by Ryland Walker Knight
Fonda's defensiveness (he seems to be vouchsafing his emotion and talent to the audience in tiny blips) comes from having a supremely convex body and being too modest to exploit it. Fonda's entry into a scene is that of a man walking backward, slanting himself away from the public eye. Once in a scene, the heavy jaw freezes, becomes like a concrete abutment, and he affects a clothes-hanger stance, no motion in either arm.
— Manny Farber ["Rain in the face, dry gulch, and squalling mouth" (1966)]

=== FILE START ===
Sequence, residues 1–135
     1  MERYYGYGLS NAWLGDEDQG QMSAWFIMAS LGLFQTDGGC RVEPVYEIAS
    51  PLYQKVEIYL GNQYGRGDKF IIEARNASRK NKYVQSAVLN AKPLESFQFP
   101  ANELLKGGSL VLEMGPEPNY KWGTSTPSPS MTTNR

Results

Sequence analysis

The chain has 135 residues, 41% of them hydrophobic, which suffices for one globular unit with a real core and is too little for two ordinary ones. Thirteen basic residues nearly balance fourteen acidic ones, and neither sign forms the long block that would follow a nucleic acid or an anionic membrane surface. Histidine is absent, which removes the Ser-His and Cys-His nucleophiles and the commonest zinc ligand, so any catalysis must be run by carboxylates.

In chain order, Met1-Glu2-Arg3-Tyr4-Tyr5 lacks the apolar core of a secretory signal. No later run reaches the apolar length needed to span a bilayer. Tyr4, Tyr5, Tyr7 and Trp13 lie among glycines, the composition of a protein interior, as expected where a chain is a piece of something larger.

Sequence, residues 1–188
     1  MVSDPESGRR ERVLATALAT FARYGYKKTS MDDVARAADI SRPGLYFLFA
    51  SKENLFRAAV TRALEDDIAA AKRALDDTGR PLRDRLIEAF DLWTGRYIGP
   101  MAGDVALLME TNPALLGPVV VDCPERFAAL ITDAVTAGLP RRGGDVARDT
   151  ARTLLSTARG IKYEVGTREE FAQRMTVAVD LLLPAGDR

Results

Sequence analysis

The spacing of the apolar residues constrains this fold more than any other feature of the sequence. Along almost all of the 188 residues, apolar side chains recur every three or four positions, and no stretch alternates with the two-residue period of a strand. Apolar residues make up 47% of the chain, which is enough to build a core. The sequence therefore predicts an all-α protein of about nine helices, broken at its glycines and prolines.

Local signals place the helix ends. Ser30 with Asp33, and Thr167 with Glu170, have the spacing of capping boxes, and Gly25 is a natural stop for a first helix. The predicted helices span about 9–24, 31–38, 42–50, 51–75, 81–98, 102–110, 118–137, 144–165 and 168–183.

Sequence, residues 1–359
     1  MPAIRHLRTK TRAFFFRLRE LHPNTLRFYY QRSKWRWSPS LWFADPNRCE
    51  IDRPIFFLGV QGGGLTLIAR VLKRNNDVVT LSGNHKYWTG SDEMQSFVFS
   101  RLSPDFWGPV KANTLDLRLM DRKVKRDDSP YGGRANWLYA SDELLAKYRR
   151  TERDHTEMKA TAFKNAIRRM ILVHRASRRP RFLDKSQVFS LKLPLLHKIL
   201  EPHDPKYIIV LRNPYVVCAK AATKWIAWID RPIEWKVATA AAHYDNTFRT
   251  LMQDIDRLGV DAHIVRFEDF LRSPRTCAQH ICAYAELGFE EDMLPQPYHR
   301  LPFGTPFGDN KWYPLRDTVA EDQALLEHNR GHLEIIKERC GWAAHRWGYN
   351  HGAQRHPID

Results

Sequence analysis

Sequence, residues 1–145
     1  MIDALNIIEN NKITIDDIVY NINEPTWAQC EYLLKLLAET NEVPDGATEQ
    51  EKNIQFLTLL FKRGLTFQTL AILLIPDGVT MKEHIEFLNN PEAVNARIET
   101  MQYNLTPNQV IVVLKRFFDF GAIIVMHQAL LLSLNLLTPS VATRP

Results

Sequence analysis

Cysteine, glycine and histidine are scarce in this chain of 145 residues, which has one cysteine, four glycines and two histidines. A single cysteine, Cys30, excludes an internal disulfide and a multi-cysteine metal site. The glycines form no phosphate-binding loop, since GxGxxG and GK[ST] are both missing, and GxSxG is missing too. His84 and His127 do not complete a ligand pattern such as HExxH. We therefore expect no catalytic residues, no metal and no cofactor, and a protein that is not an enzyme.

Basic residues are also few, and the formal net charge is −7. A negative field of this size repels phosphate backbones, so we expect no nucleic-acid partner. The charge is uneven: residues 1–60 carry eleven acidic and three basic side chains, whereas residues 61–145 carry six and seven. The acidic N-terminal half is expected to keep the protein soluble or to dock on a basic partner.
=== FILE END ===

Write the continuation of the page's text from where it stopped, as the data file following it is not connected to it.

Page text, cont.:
TCM will be showing Henry Fonda movies all day. It's damned tempting. In the past year or so, he's become one of my favorite actors, though for a very different reason than my attraction to Cary Grant, or Mathieu Amalric; in fact, it's an opposite pull. Fonda's always working against a movie, somehow, and the fun is seeing him winding gears inside his head, plotting his pattern through a picture, and then watching that plan realized. Other times, I like seeing his surprise. Further: it's wonderful to see how much he changed over the course of his career, how age lined his performances with more violence. This is why we miss people like Guillaume Depardieu, or James Dean, too.